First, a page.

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Museum of the Armored

German Room

German Room

The 18 July 1918 in Villers-Cotterêts in the Aisne, 300 tanks Renault supported by 600 aircraft, routed nine German divisions. On the 8 August, on the Somme, six other divisions knew the same fate. This is the beginning of the end for the Imperial Army.On 2 October, a representative of the General Staff stated before the Reichtag: "There is no longer any possibility of defeating the enemy as a result of the appearance on the battlefields, of a decisive factor: the tank of assault ".

The Germans who built only 80 tracked casemates A7V during World War II, will not forget the lesson. They quickly circumvent the clauses of the Treaty of Versailles forbidding them to own tanks and planes. Using the facilities granted by the German-Soviet treaty, they developed their new materials in Russia. And the first Panzer I will be experienced during the Spanish War.

The 12 March 1938, General Guderian's blinds invade Austria, then Czechoslovakia on the 1er October. Eleven months later, 57 German divisions of which 10 armored regulate the fate of Poland in a few weeks. We also saw what happened to France in May 1940 ...

The first German tank, the Panzer I, if it appears very rudimentary, little weapon (two machine guns in turret) and badly armored (13 mm), is on the other hand of easy manufacture. It is the spearhead of the invasions of Austria, Czechoslovakia and Poland, and it is found in Belgium because it is the backbone of the divisions sent to attract the body of French Cavalry. It is already accompanied by Panzer II (20 mm gun) and Panzer III (37mm gun), whose shielding of 30 mm is not resistant to the piercing shells of the Somua S35. Illusion of superiority for the French, not knowing that the 1er Panzer IV available (75 mm gun, shielding of 50 mm), were preserved for the breakthrough of the Ardennes. And, there, the French tanks no longer make the weight ...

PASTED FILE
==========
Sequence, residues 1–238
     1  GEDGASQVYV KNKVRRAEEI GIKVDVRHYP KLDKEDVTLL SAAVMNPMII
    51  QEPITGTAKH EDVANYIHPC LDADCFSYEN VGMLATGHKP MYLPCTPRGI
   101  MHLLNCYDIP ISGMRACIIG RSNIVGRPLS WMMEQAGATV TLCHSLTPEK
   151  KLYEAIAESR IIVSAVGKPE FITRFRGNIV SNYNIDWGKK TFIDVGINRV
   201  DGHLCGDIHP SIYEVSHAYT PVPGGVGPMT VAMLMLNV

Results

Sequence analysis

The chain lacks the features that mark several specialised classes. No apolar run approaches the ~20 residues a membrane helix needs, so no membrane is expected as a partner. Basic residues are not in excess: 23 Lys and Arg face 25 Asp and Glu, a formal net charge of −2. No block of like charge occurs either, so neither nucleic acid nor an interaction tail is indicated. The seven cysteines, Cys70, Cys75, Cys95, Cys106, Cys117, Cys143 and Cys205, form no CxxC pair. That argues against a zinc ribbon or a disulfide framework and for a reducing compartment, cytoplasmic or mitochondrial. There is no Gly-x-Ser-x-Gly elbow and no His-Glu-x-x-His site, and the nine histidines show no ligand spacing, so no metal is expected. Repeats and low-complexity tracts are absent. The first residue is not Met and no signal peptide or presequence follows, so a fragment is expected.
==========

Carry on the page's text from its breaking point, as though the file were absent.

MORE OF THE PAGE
machinery

  • Kettenkrad

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  • the Panzer IV

    The Panzerkampfwagen IV (PzKpfw IV), often called Panzer IV was an assault tank used by Germany during the Second World War. Originally designed as a fire support tank, with a short 75 mm gun, for the Panzerkampfwagen III, it eventually replaced the latter when the allied tanks became too protected for it. Re-equipped with a long anti-tank gun, the ...

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  • The Tiger I Sd.Kfz.181 Ausf. E late

    The "Tiger I" is the common name of a German heavy tank of the Second World War. The first official German designation was Panzerkampfwagen VI Ausführung H (abbreviated PzKpfw VI Ausf. H, Ausführung is the German term for "version"), but the tank was renamed Panzerkampfwagen VI Ausf. E in March 1943. The Tiger was in service from late 1942 until the ...

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  • The Marders

    During the 1941 summer, the German anti-tank gun PAK 50 proved totally ineffective against the Russian T34 appearing in large numbers. The Wehrmacht therefore needed rapidly more powerful self-propelled artillery, the experiment was made to mount a captured Russian 76,2 mm gun on a Panzer II chassis. The Marder thus creates itself very effective and, as soon as 1942, ...

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  • Panzer III

    The Panzerkampfwagen III (PzKpfw III), often abbreviated to Panzer III, is a German tank, designed at the end of the 1930 years and used intensively during the first phase of the Second World War. It was developed to engage the enemy tanks, while the Panzer IV, which was contemporary to it, was planned to provide firing support to formations ...

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  • Tiger II

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